we have been screwing with nature.. since the dawn of human settlements.. Aboriginal societies that existed in the past, would use nature for their own gains... The burning of grassland in the great plains of America, caused the Bison population to sky rocket.. hence greater levels of resources.. By replanting balanced, forests on bare mountains in regions that rely on domesticated fisheries, particularly Oysters, have helped increase its yield through, the increase in nutrients, therein plankton populations.

    While the world deforests pristine woodlands, like the Amazon, and Siberia, we care not use, our own reforested regions, on the basis of.. cost. Much like the slave industries that drove the sugar and cotton industries of the new world..

    Pollen-less cedars would be pointless.. how many decades would it take? what would the cost be? Can the government be trusted, in its use of funds, if it audaciously siphons funds from the rebuilding projects for its own, political needs ?

  • 3


    I agree with Surf O'Holic. Wouldn't it be easier to plant the other types of indigenous trees that were here before the war? I'm glad to know they're doing something, though.

    @ SecularBeast - I'm pretty sure hey-fever is like other allergies where the cause can be accurately identified through blood tests. I'm guessing you don't have it; otherwise you'd agree that it's a big problem in Japan.

  • -1


    Misread: thought it said scientists engineer *pointless *cedar trees...

  • 1

    Kimokekahuna Hawaii

    Plant trees that do not give off Pollen.. and plant them downwind.. which way does the wind blow.. plant on East coast.. plant food.. there is greater threat in the air than pollen.. this is a waring to protect your children...

  • 0


    Cut those pollen laden, natural forest replacing forests and donate the wood to build houses for people in Tohoku! For FREE! Least we could do.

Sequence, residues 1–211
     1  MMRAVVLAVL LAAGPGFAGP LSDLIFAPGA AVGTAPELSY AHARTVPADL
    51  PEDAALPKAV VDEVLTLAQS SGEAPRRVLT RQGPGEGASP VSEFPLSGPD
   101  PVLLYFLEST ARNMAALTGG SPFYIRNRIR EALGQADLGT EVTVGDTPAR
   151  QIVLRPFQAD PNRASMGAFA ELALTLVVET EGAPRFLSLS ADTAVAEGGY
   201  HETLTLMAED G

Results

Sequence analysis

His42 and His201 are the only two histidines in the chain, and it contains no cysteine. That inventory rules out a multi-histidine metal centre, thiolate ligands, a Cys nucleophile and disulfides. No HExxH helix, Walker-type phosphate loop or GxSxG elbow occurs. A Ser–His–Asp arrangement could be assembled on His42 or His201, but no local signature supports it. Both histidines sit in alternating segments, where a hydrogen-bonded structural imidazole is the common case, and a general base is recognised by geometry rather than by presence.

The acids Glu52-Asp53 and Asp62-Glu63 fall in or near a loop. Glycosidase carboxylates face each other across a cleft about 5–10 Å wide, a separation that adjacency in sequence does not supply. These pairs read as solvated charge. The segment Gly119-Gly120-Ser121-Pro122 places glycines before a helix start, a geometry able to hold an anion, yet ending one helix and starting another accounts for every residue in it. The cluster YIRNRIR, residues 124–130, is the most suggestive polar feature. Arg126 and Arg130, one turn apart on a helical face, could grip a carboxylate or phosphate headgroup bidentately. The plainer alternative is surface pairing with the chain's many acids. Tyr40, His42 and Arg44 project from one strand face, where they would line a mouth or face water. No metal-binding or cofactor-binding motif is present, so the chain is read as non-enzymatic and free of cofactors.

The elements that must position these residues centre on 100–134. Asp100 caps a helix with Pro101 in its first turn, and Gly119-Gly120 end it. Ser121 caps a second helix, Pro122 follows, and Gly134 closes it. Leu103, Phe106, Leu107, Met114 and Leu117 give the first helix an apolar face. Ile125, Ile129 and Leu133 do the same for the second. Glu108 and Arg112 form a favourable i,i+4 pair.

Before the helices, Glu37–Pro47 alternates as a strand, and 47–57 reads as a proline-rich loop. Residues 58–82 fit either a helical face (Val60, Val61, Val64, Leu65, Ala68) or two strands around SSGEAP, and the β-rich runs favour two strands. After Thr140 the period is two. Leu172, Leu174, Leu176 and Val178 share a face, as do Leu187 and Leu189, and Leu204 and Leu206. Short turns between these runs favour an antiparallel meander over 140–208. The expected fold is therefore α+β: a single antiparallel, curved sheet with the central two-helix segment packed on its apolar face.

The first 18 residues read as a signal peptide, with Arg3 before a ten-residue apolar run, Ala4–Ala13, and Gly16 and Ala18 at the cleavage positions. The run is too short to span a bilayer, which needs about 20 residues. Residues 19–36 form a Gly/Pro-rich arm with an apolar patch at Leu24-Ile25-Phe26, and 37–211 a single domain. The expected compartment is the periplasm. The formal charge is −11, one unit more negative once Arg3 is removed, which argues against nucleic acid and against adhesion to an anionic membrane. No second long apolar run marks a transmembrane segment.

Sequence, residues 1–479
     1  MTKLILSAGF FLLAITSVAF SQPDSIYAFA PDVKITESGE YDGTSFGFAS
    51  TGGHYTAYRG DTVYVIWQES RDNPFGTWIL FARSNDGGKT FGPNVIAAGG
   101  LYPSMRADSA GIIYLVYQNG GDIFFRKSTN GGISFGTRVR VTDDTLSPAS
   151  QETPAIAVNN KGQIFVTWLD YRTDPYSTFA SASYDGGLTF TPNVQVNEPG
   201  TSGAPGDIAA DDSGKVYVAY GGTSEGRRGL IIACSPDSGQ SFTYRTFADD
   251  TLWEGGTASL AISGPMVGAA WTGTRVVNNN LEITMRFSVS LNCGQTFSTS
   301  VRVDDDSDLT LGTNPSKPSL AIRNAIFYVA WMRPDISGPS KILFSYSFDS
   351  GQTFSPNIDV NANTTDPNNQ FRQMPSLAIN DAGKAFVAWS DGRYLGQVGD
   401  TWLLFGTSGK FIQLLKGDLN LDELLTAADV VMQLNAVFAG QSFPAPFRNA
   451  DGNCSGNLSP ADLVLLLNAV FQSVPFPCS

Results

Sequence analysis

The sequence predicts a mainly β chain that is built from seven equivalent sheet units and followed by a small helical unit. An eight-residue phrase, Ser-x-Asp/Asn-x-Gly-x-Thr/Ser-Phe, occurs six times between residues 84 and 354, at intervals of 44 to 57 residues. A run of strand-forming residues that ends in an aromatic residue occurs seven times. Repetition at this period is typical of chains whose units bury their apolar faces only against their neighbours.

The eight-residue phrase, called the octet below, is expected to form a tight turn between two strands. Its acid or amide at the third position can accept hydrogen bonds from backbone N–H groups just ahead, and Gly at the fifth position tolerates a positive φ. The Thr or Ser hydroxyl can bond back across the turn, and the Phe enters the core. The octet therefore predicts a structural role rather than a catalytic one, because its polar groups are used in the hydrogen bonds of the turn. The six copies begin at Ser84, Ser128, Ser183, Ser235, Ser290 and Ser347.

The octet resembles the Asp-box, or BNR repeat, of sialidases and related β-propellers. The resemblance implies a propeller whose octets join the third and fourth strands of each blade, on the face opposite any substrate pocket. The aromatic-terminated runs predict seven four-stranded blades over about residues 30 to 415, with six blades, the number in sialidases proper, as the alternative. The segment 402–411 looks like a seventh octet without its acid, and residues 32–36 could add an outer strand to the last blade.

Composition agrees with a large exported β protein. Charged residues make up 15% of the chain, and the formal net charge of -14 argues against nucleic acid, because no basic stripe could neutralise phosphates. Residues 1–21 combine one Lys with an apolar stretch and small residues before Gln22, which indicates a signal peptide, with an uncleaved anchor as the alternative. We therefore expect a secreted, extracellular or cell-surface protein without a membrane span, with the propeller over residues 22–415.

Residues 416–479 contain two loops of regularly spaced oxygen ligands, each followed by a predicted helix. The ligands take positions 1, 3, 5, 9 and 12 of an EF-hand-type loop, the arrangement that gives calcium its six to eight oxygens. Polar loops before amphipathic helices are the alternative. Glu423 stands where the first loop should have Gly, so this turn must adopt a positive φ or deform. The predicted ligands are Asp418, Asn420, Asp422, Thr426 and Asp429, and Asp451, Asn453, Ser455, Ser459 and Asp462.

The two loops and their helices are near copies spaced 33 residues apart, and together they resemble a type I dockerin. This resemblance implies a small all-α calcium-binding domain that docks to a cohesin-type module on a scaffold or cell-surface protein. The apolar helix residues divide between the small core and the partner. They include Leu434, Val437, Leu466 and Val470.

• -1


    Guess the government is finally realizing planting them all over Japan wasn't such a great idea. Harvesting them and plant other trees in place that are native here. And then stop screaming with Mother Nature.

  • 1


    Thats pretty crazy if 30% of the population suffers from allergies to the pollen.. big business for the pharmaceutical companies, government taxes - why would they want to remove the source of the allergies?

  • 1



    What they need is biodiveristy... Many different species of trees and other vegetation.

  • 1


    Stop messing with nature. You do that it will come back to haunt you. Killing bees are one very good example of that. I suffer from pollen allergies, but I just take antihistamines to deal with it. Rainy days in Spring are best for me.

  • 2


    Here is a radical idea. Why not plant the original species of trees when the cedars are harvested? BTW, aren't cedars explosive when you have forest fires?

  • 0


    BTW, aren't cedars explosive when you have forest fires?

    All evergreens are capable of exploding as far as I know, but for a tree to explode takes an EXTREMELY massive fire. If the fire is big enough to where trees are exploding, the exploding trees are the least of your concerns.

  • 1

    Taka Maja Miyazaki

    isnt this GMO? how will it affect insects like bees who need pollen? In GMO plants, bees cant pollinate and die from trying. . why not just chop down all the ceders and plant native trees?

  • 0

    Get Real

    We're harvesting less than a third of Japan's 70 million cubic metres growth each year (1). Our forests choke to death because, rather than maintain them, it's more economical to ship timber halfway across the planet.

    Rather than GM trees: a 'concrete coastline' solution to forestry management, how about making 'harmony with nature' more reality and less myth?

    Train more woodsmen to gradually thin out and replace the cedar with other native species. Promote sustainable ecotourism, from hiking and mountain bike trails to woodland resorts; harvest and market the resources, from fungi to game; biomass to building materials.

    Breathe life back into rural communities. Make them viable, desirable environments to live in, not just visit.